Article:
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Film Review: Dune

28 October 21 words: Aaron Roe

Denis Villeneuve continues his sci-fi crusade by turning Frank Herbert’s seminal work into a deluxe blockbuster...

Director: Denis Villeneuve
Starring: Timothée Chalamet, Rebecca Ferguson, Oscar Isaac
Running time: 156 minutes

I’ve got to be straight with you, dear reader – I’ve never read Dune. Well, that’s not entirely true. I gave it just shy of sixty pages, but then for some reason – boredom, laziness or perhaps just the daunting prospect of navigating Frank Herbert’s massive expanse of language – I never fully committed. But if there’s one thing that makes me want to go back and give Arrakis a reassessment, it's Denis Villeneuve’s first instalment of his seismic adaptation of the sci-fi literature staple.

The film opens upon a sand dune, shimmering with an amber hue as the precious resource “spice” dances on the surface. “My planet, Arrakis, is so beautiful when the sun is low,” a narrator says in one of the film's rare moments of serenity, before we are plunged into some nightmarish exposition. For eighty years, House Harkonnen has maintained a tyrannical rule over the desert planet Arrakis, pillaging its natural resource, spice, and alienating the indigenous population in the process. We soon find out that spice is the most sought-after mineral in the known universe, capable of increasing the human lifespan and crucial for interstellar travel. Harkonnen's reign comes to an end, or so it seems, when the Emperor of the universe orders House Atredis to take stewardship of Arrakis, initiating a chain reaction of greed and betrayal that will seem familiar to any space opera fan. Luckily, for people new to the worlds of Dune, cinematic liberties ensure that Herbert’s bureaucracies are no harder to understand than in Star Wars or The Lord of The Rings.

It really doesn’t come as a surprise that the film works impeccably well on a superficial level – this is the same director who resurrected Blade Runner and who gave us visual spreads like Arrival and Prisoners. Herbert’s material provides a perfect sandbox for the director and his team to go all out with the worldbuilding, and rarely do alien atmospheres feel this breathable. Geography has always been an important factor throughout Villeneuve’s filmography. Think about those sweeping birds-eye-views of Blade Runner 2049 and Sicario that really immerse us in the landscape – Dune is no different and you’ll find yourself trying your hardest to stop your jaw slamming on the ground.

The film is chock-full of Hollywood royalty, and while some characters have more dimensions than others, there is one star that threatens to run away with the whole thing: Hans Zimmer. The composer – who collaborated with Villeneuve on 2049 – synergises with Villeneuve’s vision so well, milking every ounce of awe each frame has to offer with his face-melting crescendos in true Zimmer-fashion.

Each shot gurgles with an ominous, visceral feeling of dread which never really dissipates

Even when Zimmer isn’t doing his thing, there’s still much to admire in Greig Fraser’s stunning cinematography, fleshing out worlds with his vivid dreamscapes. As with all Villeneuve films, every technical aspect culminates into a sensory bombardment, but it isn’t the soulless bombast that it could have fallen into – each shot gurgles with an ominous, visceral feeling of dread which never really dissipates.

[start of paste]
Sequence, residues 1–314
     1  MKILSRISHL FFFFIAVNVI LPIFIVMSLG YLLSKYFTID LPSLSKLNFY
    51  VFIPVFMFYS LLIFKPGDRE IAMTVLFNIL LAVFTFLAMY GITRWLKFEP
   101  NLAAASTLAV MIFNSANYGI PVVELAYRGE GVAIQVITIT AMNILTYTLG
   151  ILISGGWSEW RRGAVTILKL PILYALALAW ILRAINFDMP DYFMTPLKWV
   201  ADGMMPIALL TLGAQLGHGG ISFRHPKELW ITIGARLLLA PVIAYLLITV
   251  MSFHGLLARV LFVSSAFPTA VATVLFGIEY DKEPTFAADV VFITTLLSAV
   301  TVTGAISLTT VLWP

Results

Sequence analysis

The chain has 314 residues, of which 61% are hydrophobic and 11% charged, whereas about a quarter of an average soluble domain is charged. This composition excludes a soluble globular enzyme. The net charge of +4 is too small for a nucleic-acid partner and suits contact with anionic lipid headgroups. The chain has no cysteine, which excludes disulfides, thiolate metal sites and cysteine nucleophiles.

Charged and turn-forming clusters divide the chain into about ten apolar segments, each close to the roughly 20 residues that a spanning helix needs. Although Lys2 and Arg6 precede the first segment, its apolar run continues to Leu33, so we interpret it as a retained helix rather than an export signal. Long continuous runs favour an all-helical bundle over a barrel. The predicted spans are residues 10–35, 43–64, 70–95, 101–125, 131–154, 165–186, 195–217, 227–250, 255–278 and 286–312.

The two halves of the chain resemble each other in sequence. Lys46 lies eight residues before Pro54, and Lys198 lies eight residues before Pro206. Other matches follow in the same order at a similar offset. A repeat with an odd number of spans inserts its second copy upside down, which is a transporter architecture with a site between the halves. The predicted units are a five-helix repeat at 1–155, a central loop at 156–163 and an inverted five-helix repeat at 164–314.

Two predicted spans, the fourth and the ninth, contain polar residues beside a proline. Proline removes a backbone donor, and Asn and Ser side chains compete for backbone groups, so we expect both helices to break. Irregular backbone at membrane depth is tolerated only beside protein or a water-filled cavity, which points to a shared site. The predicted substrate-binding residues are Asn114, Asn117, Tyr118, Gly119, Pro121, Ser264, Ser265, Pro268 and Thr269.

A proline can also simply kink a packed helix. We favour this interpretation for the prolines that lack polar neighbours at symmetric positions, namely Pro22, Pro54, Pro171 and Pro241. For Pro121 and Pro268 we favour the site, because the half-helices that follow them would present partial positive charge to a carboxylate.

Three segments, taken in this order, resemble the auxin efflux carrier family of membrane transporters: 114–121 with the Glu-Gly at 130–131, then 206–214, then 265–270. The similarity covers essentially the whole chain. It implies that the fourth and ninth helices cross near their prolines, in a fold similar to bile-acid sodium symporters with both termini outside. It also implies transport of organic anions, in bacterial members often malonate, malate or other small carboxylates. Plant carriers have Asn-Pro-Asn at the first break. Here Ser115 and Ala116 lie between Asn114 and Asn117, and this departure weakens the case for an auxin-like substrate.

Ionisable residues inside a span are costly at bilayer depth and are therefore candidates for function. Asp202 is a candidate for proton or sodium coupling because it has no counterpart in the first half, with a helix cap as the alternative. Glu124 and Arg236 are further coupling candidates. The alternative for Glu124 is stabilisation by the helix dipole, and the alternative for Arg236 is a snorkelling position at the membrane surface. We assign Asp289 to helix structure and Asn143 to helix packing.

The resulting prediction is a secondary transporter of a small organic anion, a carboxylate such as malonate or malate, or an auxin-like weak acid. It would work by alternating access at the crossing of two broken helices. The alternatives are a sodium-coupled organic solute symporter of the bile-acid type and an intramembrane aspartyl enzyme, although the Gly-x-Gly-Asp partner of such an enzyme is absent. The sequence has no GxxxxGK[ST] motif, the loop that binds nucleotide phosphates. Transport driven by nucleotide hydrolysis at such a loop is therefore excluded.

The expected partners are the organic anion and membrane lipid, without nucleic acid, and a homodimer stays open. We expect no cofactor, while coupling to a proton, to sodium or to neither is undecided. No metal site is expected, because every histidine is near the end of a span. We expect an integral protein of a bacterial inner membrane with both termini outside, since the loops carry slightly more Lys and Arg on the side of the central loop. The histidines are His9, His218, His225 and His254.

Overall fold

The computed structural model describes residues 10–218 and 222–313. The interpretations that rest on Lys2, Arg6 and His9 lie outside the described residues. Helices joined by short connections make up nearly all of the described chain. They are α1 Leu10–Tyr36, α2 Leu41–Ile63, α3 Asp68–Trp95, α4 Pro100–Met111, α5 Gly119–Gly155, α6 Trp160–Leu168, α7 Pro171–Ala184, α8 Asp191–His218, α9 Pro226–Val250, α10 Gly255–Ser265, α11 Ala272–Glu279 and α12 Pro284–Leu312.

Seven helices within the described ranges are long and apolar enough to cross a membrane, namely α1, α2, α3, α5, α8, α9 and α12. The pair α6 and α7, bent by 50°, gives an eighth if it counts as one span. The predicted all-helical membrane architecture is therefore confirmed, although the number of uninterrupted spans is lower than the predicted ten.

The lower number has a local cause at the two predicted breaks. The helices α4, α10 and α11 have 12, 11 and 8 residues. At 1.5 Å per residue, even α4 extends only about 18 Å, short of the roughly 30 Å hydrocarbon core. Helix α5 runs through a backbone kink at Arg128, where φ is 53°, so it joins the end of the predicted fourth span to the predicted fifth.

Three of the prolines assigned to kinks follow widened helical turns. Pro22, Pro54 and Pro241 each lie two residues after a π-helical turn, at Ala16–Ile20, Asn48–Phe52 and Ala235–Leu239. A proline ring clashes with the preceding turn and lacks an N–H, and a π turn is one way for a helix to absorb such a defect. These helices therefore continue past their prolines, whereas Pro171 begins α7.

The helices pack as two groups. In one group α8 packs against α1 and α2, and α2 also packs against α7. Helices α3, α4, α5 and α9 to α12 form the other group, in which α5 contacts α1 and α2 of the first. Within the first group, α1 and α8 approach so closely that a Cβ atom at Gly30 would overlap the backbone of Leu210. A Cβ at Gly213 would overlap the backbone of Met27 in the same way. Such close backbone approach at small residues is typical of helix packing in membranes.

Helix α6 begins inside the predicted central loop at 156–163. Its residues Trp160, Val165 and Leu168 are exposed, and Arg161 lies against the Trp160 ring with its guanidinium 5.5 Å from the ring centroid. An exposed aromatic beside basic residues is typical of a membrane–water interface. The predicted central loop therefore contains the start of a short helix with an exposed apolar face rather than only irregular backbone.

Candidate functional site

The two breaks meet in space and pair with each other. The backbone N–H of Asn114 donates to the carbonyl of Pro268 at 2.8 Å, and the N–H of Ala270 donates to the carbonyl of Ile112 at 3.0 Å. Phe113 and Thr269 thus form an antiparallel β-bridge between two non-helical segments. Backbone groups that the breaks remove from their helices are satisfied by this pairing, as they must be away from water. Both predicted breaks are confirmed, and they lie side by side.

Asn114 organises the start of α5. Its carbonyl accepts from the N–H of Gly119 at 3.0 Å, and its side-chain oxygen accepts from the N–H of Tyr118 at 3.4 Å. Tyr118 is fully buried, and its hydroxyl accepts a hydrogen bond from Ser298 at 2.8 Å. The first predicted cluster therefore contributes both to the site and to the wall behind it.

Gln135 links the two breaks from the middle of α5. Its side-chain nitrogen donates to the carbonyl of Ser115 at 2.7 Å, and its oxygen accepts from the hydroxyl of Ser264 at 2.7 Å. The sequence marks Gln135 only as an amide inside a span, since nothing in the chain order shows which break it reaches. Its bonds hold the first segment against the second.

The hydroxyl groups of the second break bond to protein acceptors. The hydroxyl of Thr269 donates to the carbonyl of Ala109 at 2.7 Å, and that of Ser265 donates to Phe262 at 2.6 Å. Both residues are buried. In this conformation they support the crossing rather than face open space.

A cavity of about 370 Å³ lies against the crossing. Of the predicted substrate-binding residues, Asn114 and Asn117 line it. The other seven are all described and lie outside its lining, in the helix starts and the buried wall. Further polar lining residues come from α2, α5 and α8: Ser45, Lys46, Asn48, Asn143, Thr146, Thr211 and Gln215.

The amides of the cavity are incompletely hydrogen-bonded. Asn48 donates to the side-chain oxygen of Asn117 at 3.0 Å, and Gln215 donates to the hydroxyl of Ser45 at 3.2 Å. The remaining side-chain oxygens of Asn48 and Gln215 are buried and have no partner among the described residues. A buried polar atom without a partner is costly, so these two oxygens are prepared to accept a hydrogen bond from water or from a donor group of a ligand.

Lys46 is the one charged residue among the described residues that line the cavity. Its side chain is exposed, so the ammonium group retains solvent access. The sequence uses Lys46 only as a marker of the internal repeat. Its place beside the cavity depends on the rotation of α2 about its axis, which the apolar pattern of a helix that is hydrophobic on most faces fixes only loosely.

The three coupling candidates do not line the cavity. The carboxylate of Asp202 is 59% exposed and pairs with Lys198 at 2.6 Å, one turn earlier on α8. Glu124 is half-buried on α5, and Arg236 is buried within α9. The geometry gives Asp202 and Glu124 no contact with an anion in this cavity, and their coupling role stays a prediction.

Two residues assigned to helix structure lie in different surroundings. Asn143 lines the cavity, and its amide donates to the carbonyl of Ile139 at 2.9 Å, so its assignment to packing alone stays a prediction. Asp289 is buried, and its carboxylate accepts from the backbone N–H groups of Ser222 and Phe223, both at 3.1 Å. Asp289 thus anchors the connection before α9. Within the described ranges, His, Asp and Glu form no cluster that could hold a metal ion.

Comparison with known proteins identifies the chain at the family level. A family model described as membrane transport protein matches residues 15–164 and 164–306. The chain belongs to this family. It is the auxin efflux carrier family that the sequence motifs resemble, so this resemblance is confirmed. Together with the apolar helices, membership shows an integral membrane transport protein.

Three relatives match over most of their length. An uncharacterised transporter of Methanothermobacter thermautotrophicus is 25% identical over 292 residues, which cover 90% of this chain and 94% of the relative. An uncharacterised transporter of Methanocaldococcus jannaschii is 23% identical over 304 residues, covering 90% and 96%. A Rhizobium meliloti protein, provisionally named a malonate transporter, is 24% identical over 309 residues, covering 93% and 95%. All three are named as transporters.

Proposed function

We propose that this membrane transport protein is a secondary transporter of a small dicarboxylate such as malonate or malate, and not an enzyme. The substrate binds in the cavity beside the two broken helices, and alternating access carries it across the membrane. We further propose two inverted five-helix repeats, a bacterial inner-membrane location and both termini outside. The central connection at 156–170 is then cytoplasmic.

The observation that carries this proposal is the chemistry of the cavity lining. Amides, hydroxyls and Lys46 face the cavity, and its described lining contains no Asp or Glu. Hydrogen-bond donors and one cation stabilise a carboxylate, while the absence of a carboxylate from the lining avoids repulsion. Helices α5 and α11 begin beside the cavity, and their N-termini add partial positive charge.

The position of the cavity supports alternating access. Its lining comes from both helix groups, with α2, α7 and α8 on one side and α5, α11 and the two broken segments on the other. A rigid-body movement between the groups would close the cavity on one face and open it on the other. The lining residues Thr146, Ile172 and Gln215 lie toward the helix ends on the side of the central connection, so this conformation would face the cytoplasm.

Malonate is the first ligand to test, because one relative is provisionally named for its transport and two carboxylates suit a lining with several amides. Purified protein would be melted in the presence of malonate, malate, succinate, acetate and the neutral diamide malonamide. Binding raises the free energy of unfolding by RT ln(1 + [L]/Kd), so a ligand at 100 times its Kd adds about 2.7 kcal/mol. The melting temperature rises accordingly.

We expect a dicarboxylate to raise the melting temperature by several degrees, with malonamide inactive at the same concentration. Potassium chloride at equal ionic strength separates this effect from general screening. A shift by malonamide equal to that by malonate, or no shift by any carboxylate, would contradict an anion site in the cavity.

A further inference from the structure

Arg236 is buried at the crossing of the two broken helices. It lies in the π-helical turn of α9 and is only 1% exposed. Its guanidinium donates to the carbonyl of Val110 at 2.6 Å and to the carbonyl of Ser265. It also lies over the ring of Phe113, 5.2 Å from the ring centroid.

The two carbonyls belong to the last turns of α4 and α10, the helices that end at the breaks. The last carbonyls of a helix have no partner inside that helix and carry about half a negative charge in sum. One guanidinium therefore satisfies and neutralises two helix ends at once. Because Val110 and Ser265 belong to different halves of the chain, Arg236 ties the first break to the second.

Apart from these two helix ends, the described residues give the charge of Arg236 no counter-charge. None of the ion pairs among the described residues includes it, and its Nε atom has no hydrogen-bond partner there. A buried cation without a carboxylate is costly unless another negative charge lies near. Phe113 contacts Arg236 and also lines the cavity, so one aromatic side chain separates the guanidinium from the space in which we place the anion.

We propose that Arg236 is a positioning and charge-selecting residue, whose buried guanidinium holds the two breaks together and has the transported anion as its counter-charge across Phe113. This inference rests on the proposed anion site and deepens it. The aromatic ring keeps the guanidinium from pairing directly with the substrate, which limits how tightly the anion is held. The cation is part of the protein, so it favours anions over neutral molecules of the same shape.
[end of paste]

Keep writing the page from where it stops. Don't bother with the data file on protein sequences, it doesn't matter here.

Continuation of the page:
But stopping us from sinking into a sea of spice and intergalactic politics is the film's dominant arc: the hero’s journey of young Paul Atredis. Timothée Chalamet delivers a typically angsty performance as the young man struggling against the insidious weight of destiny, anchoring the spectacle to what is essentially a coming-of-age drama set against a gargantuan canvas.   

I’m sure that my opinion will gain nuance once I’ve read more into the source material, but from a newcomer’s perspective it’s everything we have come to expect from a Hollywood blockbuster. It’ll no doubt draw comparisons against Star Wars, but only on face value, as whimsical space opera antics are replaced by a more cerebral evocation of primal violence, juxtaposing science fiction with the weight of a historical epic. After Blade Runner 2049 the “unfilmable” Dune seemed to be the next logical step for a filmmaker who you feel could have been the only one to make Herbert’s vision work. The only glaring issue with the film is the frustration that comes with a first instalment. But for logistical purposes – no doubt money, attention spans, and our bladders – these things sometimes cannot be helped. For now, however, we have two more years to get fully acquainted with Dune’s spice-fuelled visions before Part Two is released. Who knows? We may have another franchise on our hands.

Did you know? The first attempt to adapt Dune – before David Lynch’s divisive 1984 take – was by surrealist filmmaker Alejandro Jodorowsky in the mid-1970s. The film would have featured a soundtrack by Pink Floyd and designs by acclaimed artists Moebius and H.R. Giger, as well as an ensemble cast including Salvador Dalí, Orson Welles, Gloria Swanson and Mick Jagger. One of the deciding factors as to why the film was never made was Jodorowsky's proposed running time, demanding that it would need to be over ten hours long to do Herbert’s novel justice.

Dune is in cinemas now

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